Ryan Braun’s Purist Problem

15 Dec

Major League Baseball has a problem that the other three major sports leagues in this country don’t have to worry about.   I’m not talking about steroids or other performance enhancing drugs, (since, let’s be honest, they ALL have that problem.)  You see the NFL, NBA, and NHL have all embraced change and progression as their particular league evolves, as well as when technology allows them to.  The problem baseball has is the nagging, tired idea of the purist; an unorganized group of people who believe that baseball should never change, and that the game is still as good as it was back in them good ‘ole days.  Things such as instant replay on home run calls, or computerized strike zones can never truly get off the ground because of them.  They worry about the “integrity of the game.”  That is a phrase purists use ad nauseum as their rallying cry against anything that dare to besmirch the grand history of their precious game.  It becomes difficult not to imagine them as a group of cranky old men meeting for lunch at a community center and griping about the kids on their block and their dadgum stereos and push-boards. People that think the dead-ball era is a model for how the game should *really* be played.  The idea of performance enhancing drugs is almost too much for them to process.  As the list of current players reportedly testing positive grows, so to do the complaints of self proclaimed “baseball purists” that not enough is being done to deter players from trying to cheat.  Some want to be all dramatic about it and throw them out of the game FOR-EV-ER! Consider it the opposite of sainthood, where there are not enough negative superlatives invented to describe someone so heinous as to take performance enhancing drugs and play baseball.

This leads me to the most recently accused, outfielder Ryan Braun.  Braun hit .332 with 33 home runs and 111 RBI for the NL Central winning Milwaukee Brewers this season, throwing in 33 stolen bases for good measure.  I had a chance to watch more than a few Brewers games this season, and his at bats were can’t miss stuff.  He was by far the toughest out in the line up, (though hitting in front of someone like Prince Fielder doesn’t hurt.)  For his efforts, Braun was voted the NL’s Most Valuable Player by the Baseball Writer’s Association of America.  This also includes winning a Silver Slugger award, and appearing at the All Star game.  He helped to usher in a new era of baseball in a mid-western city that was starving for one.  While Braun’s personal ventures have met their share of criticism, on the field he was as good as anyone in the league.  All of this is now somewhat smeared, as Braun tested positive for PEDs during the playoffs, where his Brewers made it to the NLCS.  He currently faces a minimum 50 game suspension upon the start of the 2012 season.

Now, remember how those baseball purists can’t stand players that would even think of taking steroids to enhance their performance? Yeah, well they remembered that Braun won the MVP, and now lead the charge against him keeping it.  There is increasing call for the Writer’s Association to strip Braun of his award.  This argument has come in a few forms.  Some call for a complete re-vote, others think they should simply vote yes or no if he should keep it, while some just think it should be given to the guy who came in second place (Los Angeles’ Matt Kemp.)  It’s about the integrity of the game, damnit! NOT *MY* MVP!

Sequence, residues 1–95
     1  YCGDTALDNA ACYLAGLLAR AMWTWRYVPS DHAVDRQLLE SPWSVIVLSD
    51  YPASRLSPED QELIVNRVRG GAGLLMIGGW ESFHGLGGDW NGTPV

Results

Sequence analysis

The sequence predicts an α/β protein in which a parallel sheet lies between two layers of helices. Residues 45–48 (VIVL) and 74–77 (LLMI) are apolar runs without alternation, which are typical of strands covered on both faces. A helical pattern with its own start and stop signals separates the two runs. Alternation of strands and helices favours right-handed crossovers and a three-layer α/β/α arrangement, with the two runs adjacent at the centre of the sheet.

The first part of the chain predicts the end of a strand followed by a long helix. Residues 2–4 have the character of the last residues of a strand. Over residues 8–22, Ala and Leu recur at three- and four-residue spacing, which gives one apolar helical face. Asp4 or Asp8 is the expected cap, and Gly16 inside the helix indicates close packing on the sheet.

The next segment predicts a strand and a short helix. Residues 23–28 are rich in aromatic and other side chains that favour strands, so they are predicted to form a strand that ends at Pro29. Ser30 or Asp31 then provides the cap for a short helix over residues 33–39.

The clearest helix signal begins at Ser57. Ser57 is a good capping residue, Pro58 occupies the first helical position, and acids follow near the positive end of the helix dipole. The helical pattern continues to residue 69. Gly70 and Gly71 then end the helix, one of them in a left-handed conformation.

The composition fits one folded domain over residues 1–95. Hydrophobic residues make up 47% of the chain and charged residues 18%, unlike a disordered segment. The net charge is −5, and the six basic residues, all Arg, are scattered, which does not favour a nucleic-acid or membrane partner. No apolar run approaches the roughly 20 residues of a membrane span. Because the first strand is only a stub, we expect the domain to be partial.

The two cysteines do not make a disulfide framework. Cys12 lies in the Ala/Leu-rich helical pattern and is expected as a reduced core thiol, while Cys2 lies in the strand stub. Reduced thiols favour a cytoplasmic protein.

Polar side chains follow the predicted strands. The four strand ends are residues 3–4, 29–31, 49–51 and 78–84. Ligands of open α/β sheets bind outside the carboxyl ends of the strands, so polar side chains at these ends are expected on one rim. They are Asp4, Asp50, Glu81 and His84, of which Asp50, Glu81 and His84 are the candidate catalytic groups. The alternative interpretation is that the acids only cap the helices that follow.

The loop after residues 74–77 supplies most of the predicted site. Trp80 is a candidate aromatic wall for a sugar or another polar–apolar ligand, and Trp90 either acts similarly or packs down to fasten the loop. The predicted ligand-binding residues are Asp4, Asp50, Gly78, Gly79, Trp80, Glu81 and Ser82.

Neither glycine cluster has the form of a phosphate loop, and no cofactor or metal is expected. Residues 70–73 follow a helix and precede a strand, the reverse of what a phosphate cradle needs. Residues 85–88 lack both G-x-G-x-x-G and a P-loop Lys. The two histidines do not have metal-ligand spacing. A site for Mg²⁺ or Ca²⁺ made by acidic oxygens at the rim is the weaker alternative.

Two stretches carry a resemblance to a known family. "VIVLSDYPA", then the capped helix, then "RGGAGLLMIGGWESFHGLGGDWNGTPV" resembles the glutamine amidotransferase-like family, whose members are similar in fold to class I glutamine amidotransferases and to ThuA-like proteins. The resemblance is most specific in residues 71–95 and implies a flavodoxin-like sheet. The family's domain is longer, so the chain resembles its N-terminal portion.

While it seems the BBWAA has no intentions of taking the award back, the outrage continues.  Here is where the contradiction of “baseball purists” is put to the test.  You see, there is ZERO precedent for something like this occurring in the MLB.  There were no re-votes for any of Barry Bonds‘, Alex Rodriguez’s, Jose Canseco’s, or Ken Caminiti’s MVP awards, and those are all players that had admitted to doing the PEDs during those seasons!  Now, rules are rules.  If Braun tested positive, and his appeal is denied, then he will have to sit out the 50 games like anyone else would.  While I do not personally care at all whether players are using PEDs or not, rules are rules.  I am just trying to point out that people don’t seem to be realizing that in this situation you cannot have your cake and eat it too.  To take something away from Ryan Braun because he cheated makes sense, doesn’t it?  To take something away from Ryan Braun because he cheated, but to not take away similar awards from players guilty of the exact same thing does not.  They’re only looking for change when it benefits them, and their agenda of making sure things go back to how baseball was in the 1920’s.  Also try to ignore the ridiculous notion of throwing out all the existing records if the player is eventually found guilty.  Hindsight is 20/20.  Do not change history because it doesn’t suit your new moral complex about steroids.  That idea is no more radical than asking entire teams to give up post season victories, and that is almost universally agreed as being a silly thing to do.  Braun would have never won the award if he tested positive during the regular season.  He didn’t.  Let the man keep his award, and if he is guilty, he’ll serve his suspension and get on with his career.  Milwaukee’s in enough trouble losing him for 50 games and likely Fielder permanently to a conference rival.  People think taking steroids suddenly makes you this wonderful baseball player with all sorts of new abilities, and home run power.  If you think that’s true, look at the dozens of minor leaguers and journeymen that test positive and explain that.  Braun’s natural ability will now forever be questioned.  He’s going to hear it at every game he plays for the rest of his career most likely.  He’s a smart guy, he knows he did wrong.  Let him keep his MVP award as a reminder of how quickly it can all change.

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